- People think buying copies is a victimless crime, but the idea that they are ‘just’ being sold by a couple of guys at a market stall or car-boot sale is misleading.
- Roadsides are full of market stalls with fruit, vegetables, meat and other items.
- It was market day and the stalls stood in rows with local people in colourful ethnic clothes squeezing together in throngs, full of happiness.
- This configuration recalls the form of traditional livestock barns with a center walkway and animal stalls to each side.
- Farrowing rate for sows in individual stalls was equal to or superior to sows in other systems.
- The animals were confined to drylot paddocks and fed the assigned concentrate in individual feeding stalls.
- Stocks Market, on the site of the Mansion House, had been in existence for some centuries but was increasingly challenged by Covent Garden, started as a few sheds and stalls.
- The current parking ratio of 0.26 stalls per faculty/staff/student is above the national average of 0.23.
- Redevelopment has since reduced it to 443 parking stalls.
- Identify the free stall users with parking passes and after a year the city can decide based on use whether to add or reduce the number of free stalls, she said.
- There was even an attached bathroom with sinks, toilets and shower stalls.
- There were four sinks to the left, and four toilets with stalls near the showers.
- Another door revealed a bathroom with only a shower stall, sink and a toilet.
- There were so many choir wannabes that they filled the choir platform, the stalls and the circle seats - and outnumbered the audience confined to the upper galleries.
- Above the church stalls to the left of the altar, however, hangs a small painting that is deceptively unassuming.
- Yesterday's ceremony was the formal installation of the king, who was appointed to a stall - or seat - in St George's Chapel, home of the order.
- The action is seen as it would be from a good seat in the theatre stalls.
- Some feel that 20 for a seat in the stalls is a bit steep.
- In my own case, I usually purchase seats in the stalls for six adults and five children costing in the region of £100.
- But if the stick is moved back when the airplane is very close to the stall the aircraft will not pitch up much, if at all.
- If approaching a stall at racing altitude there would be no chance of recovery.
- This was especially important for students who were learning carrier landings which were carried out at slow speed and close to the stall.
- At first I couldn't think why the car had simply stalled and tried to restart it several times to no avail.
- ‘It was like I was looking at it in slow motion when all those cars were going by,’ said Lehto, who had to restart the car when the engine stalled on the spin.
- Although the car never stalled for me, I was able to duplicate the customer's complaint of trouble on steep grades.
- The aircraft can stall and fall and there is nothing you can do about it.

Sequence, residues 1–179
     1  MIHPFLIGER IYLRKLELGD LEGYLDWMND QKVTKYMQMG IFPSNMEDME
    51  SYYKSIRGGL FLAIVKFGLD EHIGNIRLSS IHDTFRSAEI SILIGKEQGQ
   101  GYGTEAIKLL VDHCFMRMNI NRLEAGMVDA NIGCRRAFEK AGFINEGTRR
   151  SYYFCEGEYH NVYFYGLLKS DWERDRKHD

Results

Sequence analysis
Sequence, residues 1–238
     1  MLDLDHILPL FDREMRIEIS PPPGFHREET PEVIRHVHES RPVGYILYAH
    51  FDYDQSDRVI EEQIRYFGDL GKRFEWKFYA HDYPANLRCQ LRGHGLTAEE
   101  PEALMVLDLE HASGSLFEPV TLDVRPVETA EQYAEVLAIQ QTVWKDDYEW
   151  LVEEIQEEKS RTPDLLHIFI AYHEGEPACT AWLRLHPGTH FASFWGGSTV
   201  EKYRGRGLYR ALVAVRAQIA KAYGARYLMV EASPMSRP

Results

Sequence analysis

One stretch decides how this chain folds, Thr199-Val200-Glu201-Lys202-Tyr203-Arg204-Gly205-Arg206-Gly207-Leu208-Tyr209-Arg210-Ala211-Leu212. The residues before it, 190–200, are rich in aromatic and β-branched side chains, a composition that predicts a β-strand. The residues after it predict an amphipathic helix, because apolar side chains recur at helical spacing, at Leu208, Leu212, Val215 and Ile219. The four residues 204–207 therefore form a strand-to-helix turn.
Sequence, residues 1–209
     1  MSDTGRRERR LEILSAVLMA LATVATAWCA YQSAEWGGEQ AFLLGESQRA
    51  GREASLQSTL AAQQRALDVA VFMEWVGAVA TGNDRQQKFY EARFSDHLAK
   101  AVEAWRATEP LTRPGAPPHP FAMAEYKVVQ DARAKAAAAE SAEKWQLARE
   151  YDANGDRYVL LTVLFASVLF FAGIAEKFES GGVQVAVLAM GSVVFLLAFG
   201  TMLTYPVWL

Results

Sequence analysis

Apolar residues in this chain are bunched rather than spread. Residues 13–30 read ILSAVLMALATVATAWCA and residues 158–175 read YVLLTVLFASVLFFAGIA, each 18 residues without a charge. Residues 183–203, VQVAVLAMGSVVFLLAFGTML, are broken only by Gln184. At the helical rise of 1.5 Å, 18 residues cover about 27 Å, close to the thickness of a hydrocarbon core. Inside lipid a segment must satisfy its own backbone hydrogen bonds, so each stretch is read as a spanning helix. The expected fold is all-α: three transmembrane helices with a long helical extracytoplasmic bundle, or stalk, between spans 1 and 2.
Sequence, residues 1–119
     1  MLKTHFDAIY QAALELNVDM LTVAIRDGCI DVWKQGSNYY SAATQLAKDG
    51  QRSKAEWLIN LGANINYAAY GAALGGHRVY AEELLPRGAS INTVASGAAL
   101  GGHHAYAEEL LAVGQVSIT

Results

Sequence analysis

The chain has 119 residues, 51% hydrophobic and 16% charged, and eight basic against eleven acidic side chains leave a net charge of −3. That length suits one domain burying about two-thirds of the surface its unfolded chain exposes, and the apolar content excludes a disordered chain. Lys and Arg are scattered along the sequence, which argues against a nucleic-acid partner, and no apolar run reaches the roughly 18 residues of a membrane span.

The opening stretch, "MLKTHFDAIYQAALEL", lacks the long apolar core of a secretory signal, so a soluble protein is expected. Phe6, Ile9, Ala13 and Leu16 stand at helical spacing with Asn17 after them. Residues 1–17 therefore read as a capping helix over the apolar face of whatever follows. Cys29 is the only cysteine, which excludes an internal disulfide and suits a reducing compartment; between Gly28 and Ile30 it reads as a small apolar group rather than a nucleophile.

- At no speed the glider stalled and because of the left turn my left wing went down first.
- Huge flaps, functioning like parachutes, lifted on each wing, and the Concorde's airspeed dropped swiftly as the aircraft stalled.
- A sailing ship that becomes stalled with its bow to the wind is said to be ‘in irons.’
- Rey and his crew skillfully brought the boat to a near-standstill, pointed into the wind and on the verge of stalling out.
- The sail coefficient of lift increases to its maximum and we are on the point of stalling the sail.
- Green said the men ordered her to climb back into the vehicle but they had stalled the car and were unable to restart it.
- On October 30, just as the flood waters were creeping up in Ryedale, she drove her Peugeot car through a deep puddle and stalled the engine.
- In flight, there was less than a ten knot difference between a speed so fast that it would rip the wings off the aircraft and a speed so slow that it would stall the engine.
- But as soon as those mergers were announced, progress on any deal stalled.
- I won't discuss my other projects in progress that are stalled and waiting.
- His career stalled, Rodgers unenthusiastically enrolled at Columbia, following his brother's pre-med path.
- A single car meandered down the street, an executive returning home late from work, stalling for time before he entered the house of the angry wife.
- A contract was drawn up, but Billie-Jean kept stalling on exchange and settlement dates.
- The government is stalling on this reasonable request.
- I was trying to stall him, until my desperate and panicked mind could think of one way out of this.
- Coyne said he waited until the bell rang so students could change classes without seeing Mayer in the hallway, adding he ‘could understand why Mayer thought he was stalling him.’
- So when Michel popped the question, she said the first thing that came into her head as a way of stalling him: ‘Only if the King of Tonga marries us.’
- One more row was behind these stalls on both sides, allowing a maximum of eighty horses to be stalled in the large place.
- ‘You could see where the horses had been stalled,’ Andy recalls of that first visit to the barn.
- Stallions that are stalled tend to move about more and sometimes roll more frequently then when they are turned out.
Old English steall 'stable or cattle shed', of Germanic origin; related to Dutch stal, also to stand. Early senses of the verb included 'reside, dwell' and 'bring to a halt'.
Words that rhyme with stallall, appal (US appall), awl, Bacall, ball, bawl, befall, Bengal, brawl, call, caul, crawl, Donegal, drawl, drywall, enthral (US enthrall), fall, forestall, gall, Galle, Gaul, hall, haul, maul, miaul, miscall, Montreal, Naipaul, Nepal, orle, pall, Paul, pawl, Saul, schorl, scrawl, seawall, Senegal, shawl, small, sprawl, squall, stonewall, tall, thrall, trawl, wall, waul, wherewithal, withal, yawl
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